A few more of the final pieces of the downtown puzzle will fall into place in the fall.
The District of Maple Ridge held an open house Thursday to preview the plan for rebuilding the stretch of Lougheed Highway from 224th to 226th streets.
The project, yet to be costed out, will complete the downtown renovations started a few years ago that included rebuilding 224th St. from Dewdney Trunk Road to Lougheed Hwy., as well as rebuilding Lougheed from 222nd 224th streets and from 226th to 228th streets.
“From 222nd St., it’s just a continuation of that. Same street trees, same sidewalk,” said Rachel Ollenberger, with the district.
The project entails repaving Lougheed and rebuilding and widening the sidewalk, in sections to the standard three metres. New trees will be planted with underground structures that will speed growth and prevent roots from heaving the sidewalks.
“We will have the wagon wheel crosswalks which people seem to like so much,” added Ollenberger.
She was referring to the circular motif that characterizes the sidewalk lines in the rebuilt sections.
New street lights and furniture identical to that which has been installed on the previous sections will follow.
Costs to complete the two-block section of Lougheed, which will then link to the section rebuilt last year in front of Chances Maple Ridge community gaming centre, haven’t been determined yet.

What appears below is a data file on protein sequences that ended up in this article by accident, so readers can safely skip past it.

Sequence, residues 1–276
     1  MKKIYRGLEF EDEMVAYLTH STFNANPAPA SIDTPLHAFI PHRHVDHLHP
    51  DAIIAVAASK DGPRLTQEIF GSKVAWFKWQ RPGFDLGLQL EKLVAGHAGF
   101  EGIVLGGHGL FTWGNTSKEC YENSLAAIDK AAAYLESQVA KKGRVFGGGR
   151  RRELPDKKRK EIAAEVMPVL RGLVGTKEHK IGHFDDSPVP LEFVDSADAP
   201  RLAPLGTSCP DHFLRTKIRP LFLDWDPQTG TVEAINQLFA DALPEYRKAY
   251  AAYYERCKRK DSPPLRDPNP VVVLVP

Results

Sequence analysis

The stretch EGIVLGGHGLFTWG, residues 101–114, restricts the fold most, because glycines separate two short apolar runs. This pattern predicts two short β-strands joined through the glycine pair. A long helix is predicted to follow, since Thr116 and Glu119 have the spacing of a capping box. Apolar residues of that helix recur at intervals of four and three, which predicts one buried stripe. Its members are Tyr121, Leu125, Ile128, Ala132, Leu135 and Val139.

A completion date hasn’t been set either, only that it will be sometime next year.
Part of the same project and due for completion this fall is the construction of a new sidewalk on the south side of Selkirk Avenue, between 225th and 226th streets.
Currently, there’s only a sidewalk for a part of that distance.
“Selkirk will start to look like a street,” said Ollenberger.
New trees and street lights and hanging baskets will be part of the new sidewalk.
The new sidewalk will continue around the corner of 226th St. on the east side, up to the highway.
The district says the intent of the project is to increase livability and support business growth in the downtown, while improving conditions for pedestrians and shoppers.
Improvements are also scheduled for Edge Street at Dewdney Trunk Rd.
Jackie Chow, of the local cycling group HUB, wants Lougheed Hwy., through the downtown, narrowed to two lanes, bordered by bicycle lanes on either side. Doing so would allow preservation of the parking lanes and could “dramatically improve the shopping experience and vibrancy of Lougheed,” she said on Facebook.
However, she added, the group has been told that traffic volumes are too high on Lougheed Hwy. and that it isn’t part of the cycling network.